making (and breaking!) a sugar box.

If you looked through my cookbook collection, you would see that I am a bit of an Adriano Zumbo fan. I have been amazed by his creativity and craziness when it comes to pâtisserie treats ever since he walked into the Masterchef Australia kitchen with that croquembouche (oh how I hope to be brave enough to make one of those one day!). Zumbo is certainly one of my favourite Masterchef guests, and I love to see the look of fear on the contestant’s faces as it dawns on them exactly who will be walking through the kitchen doors.

It was only a couple of weeks ago that Zumbo graced our tv screens once again, and he challenged the Masterchef contestants to create a cake inspired by Marie-Antoine Carême. And wow. The cakes that they all came up with were amazing! One of the amateur cooks, Julia, made a box out of isomalt, which was put right on top of a cake and then filled with an assortment of sweet treats. It looked so good!

So, fast forward a couple of weeks, and the other day when my Mum heads off to the supermarket Brother 2 asks her to buy a large bag of sugar. He had been quite interested while watching Julia put together her isomalt box, and had began concocting a plan to make his own sugar box! Now, I must admit that I was a little skeptical, and wasn’t really sure that it was going to work. Okay, I’ll be honest. I really thought it wasn’t going to work at all. But, you know what?! It did! I was so proud.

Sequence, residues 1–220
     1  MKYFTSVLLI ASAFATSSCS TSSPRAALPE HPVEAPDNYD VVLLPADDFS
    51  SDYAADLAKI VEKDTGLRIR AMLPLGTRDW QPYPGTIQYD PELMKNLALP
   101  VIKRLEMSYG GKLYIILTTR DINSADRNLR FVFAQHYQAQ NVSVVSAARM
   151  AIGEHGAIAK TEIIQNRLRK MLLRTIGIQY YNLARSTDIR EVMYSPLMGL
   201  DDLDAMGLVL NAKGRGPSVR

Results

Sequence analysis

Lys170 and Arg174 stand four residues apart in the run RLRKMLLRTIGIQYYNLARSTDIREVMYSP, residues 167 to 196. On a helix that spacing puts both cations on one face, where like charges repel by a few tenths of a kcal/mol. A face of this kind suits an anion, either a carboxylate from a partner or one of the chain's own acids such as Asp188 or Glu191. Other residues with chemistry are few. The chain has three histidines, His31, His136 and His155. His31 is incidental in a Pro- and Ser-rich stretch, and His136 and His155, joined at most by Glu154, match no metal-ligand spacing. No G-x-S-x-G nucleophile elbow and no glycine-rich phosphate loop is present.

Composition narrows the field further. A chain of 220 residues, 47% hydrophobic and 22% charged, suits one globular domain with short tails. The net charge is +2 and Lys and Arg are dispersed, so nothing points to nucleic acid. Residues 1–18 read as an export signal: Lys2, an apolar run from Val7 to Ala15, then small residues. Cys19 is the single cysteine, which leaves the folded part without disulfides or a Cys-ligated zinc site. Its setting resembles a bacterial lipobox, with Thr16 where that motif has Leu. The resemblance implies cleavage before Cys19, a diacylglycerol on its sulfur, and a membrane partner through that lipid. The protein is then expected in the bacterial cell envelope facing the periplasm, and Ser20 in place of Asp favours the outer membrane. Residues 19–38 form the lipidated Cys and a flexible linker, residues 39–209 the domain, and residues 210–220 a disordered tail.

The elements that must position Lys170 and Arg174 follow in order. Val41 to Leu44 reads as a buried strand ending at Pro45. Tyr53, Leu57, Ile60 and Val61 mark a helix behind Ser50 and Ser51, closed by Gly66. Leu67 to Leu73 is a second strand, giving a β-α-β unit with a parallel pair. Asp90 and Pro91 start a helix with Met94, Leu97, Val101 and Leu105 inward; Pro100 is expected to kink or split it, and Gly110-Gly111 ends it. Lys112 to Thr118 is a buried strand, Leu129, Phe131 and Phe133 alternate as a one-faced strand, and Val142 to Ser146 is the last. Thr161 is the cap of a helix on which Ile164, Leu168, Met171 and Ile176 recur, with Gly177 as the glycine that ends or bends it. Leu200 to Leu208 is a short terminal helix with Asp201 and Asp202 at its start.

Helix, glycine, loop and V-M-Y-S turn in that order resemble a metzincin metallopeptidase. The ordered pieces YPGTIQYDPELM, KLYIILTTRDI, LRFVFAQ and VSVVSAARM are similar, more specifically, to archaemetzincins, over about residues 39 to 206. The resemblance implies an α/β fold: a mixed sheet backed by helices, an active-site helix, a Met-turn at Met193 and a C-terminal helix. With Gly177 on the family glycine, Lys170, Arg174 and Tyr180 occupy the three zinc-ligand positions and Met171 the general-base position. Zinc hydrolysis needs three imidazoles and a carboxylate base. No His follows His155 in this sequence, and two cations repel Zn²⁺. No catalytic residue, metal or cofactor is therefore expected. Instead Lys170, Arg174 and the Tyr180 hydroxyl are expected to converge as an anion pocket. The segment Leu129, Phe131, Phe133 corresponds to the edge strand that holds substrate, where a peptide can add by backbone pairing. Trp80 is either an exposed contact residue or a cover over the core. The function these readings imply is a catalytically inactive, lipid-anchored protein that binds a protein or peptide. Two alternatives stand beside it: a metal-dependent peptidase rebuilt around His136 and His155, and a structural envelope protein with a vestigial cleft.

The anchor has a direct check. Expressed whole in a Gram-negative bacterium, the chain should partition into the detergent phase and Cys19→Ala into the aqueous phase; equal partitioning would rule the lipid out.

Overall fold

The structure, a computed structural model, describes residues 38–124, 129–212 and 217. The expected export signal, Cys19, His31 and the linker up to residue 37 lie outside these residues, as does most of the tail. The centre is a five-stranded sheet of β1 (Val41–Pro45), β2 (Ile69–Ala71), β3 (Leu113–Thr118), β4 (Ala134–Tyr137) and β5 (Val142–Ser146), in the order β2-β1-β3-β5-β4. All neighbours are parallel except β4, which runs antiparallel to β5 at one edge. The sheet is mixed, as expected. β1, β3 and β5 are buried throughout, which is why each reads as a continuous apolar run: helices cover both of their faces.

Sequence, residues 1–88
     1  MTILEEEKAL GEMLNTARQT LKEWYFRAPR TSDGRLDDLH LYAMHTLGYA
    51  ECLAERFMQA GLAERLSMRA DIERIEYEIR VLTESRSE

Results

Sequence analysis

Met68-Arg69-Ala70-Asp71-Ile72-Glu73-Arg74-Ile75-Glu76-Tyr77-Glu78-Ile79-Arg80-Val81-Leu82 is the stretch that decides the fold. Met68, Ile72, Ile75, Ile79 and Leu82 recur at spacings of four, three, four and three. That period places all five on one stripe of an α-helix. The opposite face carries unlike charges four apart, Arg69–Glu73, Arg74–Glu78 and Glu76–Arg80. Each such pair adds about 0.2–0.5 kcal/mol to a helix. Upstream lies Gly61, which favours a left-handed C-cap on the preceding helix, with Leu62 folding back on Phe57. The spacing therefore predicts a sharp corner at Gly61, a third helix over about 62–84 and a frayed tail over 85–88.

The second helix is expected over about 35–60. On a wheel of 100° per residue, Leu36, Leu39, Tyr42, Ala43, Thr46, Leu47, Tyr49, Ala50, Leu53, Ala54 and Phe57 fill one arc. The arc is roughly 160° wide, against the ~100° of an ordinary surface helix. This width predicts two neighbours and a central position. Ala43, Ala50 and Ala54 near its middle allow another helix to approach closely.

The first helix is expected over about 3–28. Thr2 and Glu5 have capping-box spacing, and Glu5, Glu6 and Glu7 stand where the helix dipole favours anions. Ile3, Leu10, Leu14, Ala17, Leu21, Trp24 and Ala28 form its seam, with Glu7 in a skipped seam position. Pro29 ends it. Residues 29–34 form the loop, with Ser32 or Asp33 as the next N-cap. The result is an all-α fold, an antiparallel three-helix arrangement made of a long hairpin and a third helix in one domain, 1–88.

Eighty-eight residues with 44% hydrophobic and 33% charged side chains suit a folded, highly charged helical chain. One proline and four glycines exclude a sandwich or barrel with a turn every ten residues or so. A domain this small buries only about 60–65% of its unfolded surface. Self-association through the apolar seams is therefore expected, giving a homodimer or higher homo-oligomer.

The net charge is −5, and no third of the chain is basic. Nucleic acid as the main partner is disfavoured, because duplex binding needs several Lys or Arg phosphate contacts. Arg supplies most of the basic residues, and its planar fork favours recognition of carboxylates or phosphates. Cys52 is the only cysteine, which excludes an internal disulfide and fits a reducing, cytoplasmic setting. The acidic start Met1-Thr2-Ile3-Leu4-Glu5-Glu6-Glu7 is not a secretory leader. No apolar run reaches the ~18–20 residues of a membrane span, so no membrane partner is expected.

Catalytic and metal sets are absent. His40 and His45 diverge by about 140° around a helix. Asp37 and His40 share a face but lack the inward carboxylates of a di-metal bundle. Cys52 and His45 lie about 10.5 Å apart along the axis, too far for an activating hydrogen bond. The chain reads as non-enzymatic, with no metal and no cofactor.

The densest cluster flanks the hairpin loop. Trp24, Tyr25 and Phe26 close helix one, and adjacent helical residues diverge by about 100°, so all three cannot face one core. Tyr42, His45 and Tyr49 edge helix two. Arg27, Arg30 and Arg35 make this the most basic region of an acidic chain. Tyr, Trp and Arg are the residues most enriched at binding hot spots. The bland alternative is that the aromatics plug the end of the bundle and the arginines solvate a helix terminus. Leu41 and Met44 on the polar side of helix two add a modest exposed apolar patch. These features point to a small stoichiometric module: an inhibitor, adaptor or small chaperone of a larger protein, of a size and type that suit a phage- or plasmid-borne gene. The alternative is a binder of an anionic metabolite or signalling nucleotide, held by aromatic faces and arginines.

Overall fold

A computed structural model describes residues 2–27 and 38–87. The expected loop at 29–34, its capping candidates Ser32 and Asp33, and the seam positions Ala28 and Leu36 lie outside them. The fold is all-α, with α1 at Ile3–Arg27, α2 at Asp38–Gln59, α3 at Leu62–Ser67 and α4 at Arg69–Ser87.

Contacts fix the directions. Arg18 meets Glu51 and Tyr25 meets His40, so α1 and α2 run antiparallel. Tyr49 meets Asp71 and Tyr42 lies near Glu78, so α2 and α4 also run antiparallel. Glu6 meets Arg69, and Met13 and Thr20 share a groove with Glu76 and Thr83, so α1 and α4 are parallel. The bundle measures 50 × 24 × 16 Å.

He used a simple praline recipe to make the sides of the box, and had the patience to do this using just one square cake tin (so he had to wait for one side to set before he could start with the next side!). With Dad’s help using the Weber Baby Q, Brother 2 slighty melted the side of each piece and then set in together into a cube shape. Lots of hard work, but it all worked out beautifully!

The sides and bottom of the sugar box, all ready to be put together (they look so pretty!)

Using the Weber Baby Q to slightly melt the edges of each piece.

VERY carefully putting all of the pieces together.

 And now…if you’re ready for it…the sugar box!

Sugar Box

6 Cups White Sugar
12 Tb cold water
Six different liquid food colourings

1. Combine 1 C sugar and 2 Tb cold water in a saucepan over medium heat and cook without stirring, but instead swirling the pan, until it starts to change colour (it will start turing a light caramel colour).
2. Take the saucepan off the heat and add a couple of drops of your chosen food colouring. Stir until combined.
3. Pour the toffee into a lined 15cm x 15cm cake tin. Let cool, carefully remove, and then repeat the process another five times.
4. Using a heat source (you may choose to use a blowtorch if you have one), slighty melt the edges of each side of the box and carefully assemble.

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Brother 2 had fulfilled his aim of making a sugar box (I may be biased…but I think it looked better than Julia’s!), but now what to do with it? We couldn’t have all that toffee sitting there and it not be eaten… Okay, so really we came up with a solution pretty quickly. Break it!

Now, it may just be the Disney/Fairytale obsessiveness in me, but when all broken up, the toffee pieces remind me so much of the colourful diamonds that the Seven Dwarfs find deep down in the mines! ♪♫ Hi ho, hi ho, it’s home from work we go… ♪♫



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